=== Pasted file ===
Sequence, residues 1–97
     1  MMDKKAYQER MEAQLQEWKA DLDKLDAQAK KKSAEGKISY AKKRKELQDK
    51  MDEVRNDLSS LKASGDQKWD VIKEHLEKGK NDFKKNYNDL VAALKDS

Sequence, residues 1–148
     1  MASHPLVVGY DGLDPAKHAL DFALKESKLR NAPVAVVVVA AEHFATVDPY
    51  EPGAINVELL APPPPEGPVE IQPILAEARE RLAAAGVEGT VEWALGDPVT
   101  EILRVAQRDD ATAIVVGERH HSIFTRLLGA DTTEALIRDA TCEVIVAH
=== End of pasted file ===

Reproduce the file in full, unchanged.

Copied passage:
Sequence, residues 1–97
     1  MMDKKAYQER MEAQLQEWKA DLDKLDAQAK KKSAEGKISY AKKRKELQDK
    51  MDEVRNDLSS LKASGDQKWD VIKEHLEKGK NDFKKNYNDL VAALKDS

Sequence, residues 1–148
     1  MASHPLVVGY DGLDPAKHAL DFALKESKLR NAPVAVVVVA AEHFATVDPY
    51  EPGAINVELL APPPPEGPVE IQPILAEARE RLAAAGVEGT VEWALGDPVT
   101  EILRVAQRDD ATAIVVGERH HSIFTRLLGA DTTEALIRDA TCEVIVAH